CHICAGO — When soon-to-be mothers are feeling exhausted and ready to give up, Krissy Maher, a labor and delivery nurse at Adventist Hinsdale Hospital, regularly calls in the Pushing Specialist.
In walks a 75-year-old woman with soft white hair, wire-rimmed glasses and hearts printed on her hospital scrubs. Jean Kingery carries the confidence of a nurse who has witnessed the deliveries of thousands of babies — boys, girls, quadruplets, even New Age births with the mom under hypnosis.
Kingery assures discouraged mothers with encouraging words: “You can do this. Your mother did this. Your grandmother did this, and you will do this.”
It’s a pep talk that Maher, a recent nursing school graduate, understands well.
The Pushing Specialist is her grandmother.
“She has been my biggest role model ever since I could remember,” said Maher, who joined the hospital’s labor and delivery unit last year, following in Kingery’s footsteps.
“When (patients) see my grandma, they think experience. I can tell, it kind of puts them at ease.”
For the past year, the grandmother and granddaughter have worked in the labor and delivery unit of the west suburban hospital where 2,200 babies are born each year. The two — who sometimes work together, and other times pass mothers off to each other during shift changes — usually don’t tell patients about their relationship. “It’s not about us,” both say with a shrug.
But Maher, 24, routinely pulls her “Gran” aside to ask for advice. And Kingery saves pieces of pie in the break room refrigerator for Krissy to snack on during her shift.
Given that it’s an accomplishment for Kingery to still manage such a physical job at 75, and for Maher to be hired into such a position straight out of nursing school, co-workers, patients and family members say it is wonderful to see two generations — with two different sets of experiences — working with the same passion.
“It makes it feel like a family,” said Evita Patel, a fellow nurse, describing the pair’s impact on the whole unit.
Long before Kingery began coaching mothers, she learned how to be one herself.
She was born at Hinsdale Hospital and grew up on a family farm in Westmont, Ill. When it came her turn to start having a family, her three children were also born at Hinsdale Hospital.
Although she had always had an interest in nursing, Kingery chose to put aside career plans as she raised her two sons and daughter, she said.
Her daughter, Debbie Maher, now 52, has fond memories of sitting at the kitchen table with her siblings, excitedly recounting the school day as their mom prepared dinner.
On Friday nights, Kingery made homemade pizza for the family, and sometimes extra for other families to enjoy. She watched the neighbors’ children whenever they needed help.
Every mother must choose an approach that works for her, Kingery said, and she felt good about choosing to be a stay-at-home mom. But as her children got older, her desire to care for other people grew.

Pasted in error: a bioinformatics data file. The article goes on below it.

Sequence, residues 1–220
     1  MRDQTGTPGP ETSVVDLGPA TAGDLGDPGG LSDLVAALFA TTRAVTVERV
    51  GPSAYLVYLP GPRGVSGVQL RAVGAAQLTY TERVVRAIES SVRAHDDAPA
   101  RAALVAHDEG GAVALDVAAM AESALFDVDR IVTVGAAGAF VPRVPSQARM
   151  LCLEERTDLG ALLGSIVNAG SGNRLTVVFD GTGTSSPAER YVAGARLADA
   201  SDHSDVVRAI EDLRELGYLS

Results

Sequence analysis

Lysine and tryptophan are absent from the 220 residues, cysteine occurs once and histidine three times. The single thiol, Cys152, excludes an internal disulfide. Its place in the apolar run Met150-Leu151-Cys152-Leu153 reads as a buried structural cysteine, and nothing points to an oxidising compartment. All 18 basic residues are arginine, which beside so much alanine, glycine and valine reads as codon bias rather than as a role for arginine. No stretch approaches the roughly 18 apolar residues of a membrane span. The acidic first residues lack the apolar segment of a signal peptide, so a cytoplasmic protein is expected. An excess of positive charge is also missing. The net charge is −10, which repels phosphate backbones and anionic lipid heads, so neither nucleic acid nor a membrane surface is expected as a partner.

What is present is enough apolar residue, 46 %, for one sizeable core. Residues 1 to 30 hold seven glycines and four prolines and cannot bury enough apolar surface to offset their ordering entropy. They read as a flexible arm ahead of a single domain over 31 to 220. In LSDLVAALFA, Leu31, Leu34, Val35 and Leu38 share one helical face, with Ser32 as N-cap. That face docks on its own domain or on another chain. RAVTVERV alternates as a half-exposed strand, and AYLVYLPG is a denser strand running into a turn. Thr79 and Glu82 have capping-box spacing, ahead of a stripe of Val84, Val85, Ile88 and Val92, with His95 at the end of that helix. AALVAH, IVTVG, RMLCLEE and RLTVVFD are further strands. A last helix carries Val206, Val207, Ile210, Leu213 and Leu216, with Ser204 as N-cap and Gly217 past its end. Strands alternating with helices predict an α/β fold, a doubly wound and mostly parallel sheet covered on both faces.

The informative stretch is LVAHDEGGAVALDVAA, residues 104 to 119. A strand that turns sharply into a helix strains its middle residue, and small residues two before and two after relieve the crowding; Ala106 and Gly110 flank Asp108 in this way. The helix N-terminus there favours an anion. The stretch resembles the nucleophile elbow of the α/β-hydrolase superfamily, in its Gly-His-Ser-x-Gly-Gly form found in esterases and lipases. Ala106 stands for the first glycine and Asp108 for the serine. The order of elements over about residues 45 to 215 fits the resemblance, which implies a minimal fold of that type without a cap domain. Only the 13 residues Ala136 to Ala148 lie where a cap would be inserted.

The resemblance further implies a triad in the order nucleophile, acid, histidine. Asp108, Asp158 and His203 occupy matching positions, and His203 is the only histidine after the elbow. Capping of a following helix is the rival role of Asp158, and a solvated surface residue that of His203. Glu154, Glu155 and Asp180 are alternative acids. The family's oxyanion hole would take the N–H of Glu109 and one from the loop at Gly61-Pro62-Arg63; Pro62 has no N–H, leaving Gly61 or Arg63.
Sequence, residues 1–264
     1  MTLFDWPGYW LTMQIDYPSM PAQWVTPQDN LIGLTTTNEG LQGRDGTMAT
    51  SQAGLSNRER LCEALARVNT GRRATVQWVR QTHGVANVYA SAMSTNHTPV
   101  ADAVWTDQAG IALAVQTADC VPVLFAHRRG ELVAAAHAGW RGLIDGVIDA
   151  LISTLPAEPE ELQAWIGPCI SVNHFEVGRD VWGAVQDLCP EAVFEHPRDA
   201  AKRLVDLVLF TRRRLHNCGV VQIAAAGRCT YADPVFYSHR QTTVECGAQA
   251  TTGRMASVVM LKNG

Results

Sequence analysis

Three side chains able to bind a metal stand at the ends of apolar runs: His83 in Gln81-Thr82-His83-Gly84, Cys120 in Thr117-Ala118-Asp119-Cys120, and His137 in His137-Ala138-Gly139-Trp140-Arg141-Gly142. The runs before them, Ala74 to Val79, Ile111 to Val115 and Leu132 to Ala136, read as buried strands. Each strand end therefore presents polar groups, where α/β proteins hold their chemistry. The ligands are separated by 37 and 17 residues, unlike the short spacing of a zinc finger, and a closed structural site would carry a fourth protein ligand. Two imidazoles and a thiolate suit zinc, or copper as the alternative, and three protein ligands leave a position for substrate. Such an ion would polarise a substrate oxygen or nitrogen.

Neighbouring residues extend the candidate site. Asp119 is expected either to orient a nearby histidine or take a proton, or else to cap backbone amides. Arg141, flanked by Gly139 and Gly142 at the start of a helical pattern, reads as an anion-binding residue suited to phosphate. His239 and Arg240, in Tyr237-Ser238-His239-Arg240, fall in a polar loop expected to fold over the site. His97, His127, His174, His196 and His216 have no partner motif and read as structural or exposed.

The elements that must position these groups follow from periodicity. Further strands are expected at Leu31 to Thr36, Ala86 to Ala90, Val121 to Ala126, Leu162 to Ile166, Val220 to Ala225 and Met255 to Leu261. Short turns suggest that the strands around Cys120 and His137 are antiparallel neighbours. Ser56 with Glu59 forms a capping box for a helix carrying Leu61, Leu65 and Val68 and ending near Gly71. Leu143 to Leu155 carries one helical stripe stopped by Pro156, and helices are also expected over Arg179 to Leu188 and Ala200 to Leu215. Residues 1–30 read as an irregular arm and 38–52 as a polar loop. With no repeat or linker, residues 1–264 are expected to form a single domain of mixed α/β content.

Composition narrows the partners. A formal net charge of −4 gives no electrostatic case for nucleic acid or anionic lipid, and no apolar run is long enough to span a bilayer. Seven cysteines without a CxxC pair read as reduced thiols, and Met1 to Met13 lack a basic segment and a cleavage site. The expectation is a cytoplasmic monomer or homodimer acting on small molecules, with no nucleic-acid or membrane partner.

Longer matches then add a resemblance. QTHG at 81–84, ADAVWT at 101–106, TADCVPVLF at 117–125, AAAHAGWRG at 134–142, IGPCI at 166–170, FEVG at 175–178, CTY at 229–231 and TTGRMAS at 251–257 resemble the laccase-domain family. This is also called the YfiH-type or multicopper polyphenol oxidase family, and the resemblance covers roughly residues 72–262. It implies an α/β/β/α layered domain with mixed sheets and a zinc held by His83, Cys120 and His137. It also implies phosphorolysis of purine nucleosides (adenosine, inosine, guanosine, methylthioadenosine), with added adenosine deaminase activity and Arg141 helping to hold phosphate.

At 40, Kingery went back to school to become a licensed practical nurse and took a job working the overnight shift at Adventist Hinsdale Hospital’s labor and delivery unit so she could still drive her children to school. Nearly a decade later, her children grown and starting their own families, Kingery studied and worked her way up to registered nurse.
Hospital officials estimate that Kingery has participated in the delivery of at least 5,000 babies and has cared for more than 10,000 new moms.
“I always say, ‘I get to see a miracle every day,’ ” said Kingery, who keeps a stack of letters in her desk drawer from families she’s helped. “People are so grateful.”
As Kingery embraced her new career and eventually moved with her husband to Naperville, Ill., her granddaughter Krissy grew up a few blocks away.
Krissy Maher remembers home-cooked meals every night made by her stay-at-home mother, and elaborate birthday parties where her friends dressed as mothers, bringing their own dolls.
For Debbie Maher, who had graduated with a degree in teaching before taking time off to start a family, it felt right to return to full-time teaching when her youngest was in the first grade.
When it came time to choose a career for herself, Krissy Maher waffled between her mother’s calling and her grandmother’s — both teaching and nursing would let her help people.
But ultimately, she remembered the stories her grandmother told about the incredible feeling of bringing new life into the world. She decided that’s what she wanted, too.
Thrilled, Kingery directed her granddaughter to a nursing program where several young nurses at the hospital had studied. For graduation from Chamberlain College of Nursing in Downers Grove, Ill., students were asked to pick a nurse who had an impact on them to pin them in a symbolic ceremony.
Kingery cried as she pinned her granddaughter’s gown.
Kingery, who has seen labor and delivery techniques and medicine evolve a great deal in her 36 years on the job, not to mention women’s attitudes toward careers, said she works hard to respect the views and wishes of mothers of all backgrounds.
She prides herself on helping coach mothers in breathing in such a way that packs the most power in each push.
“I always tell them, ‘It’s the hardest work you’ll ever do in your whole life,’ ” Kingery said.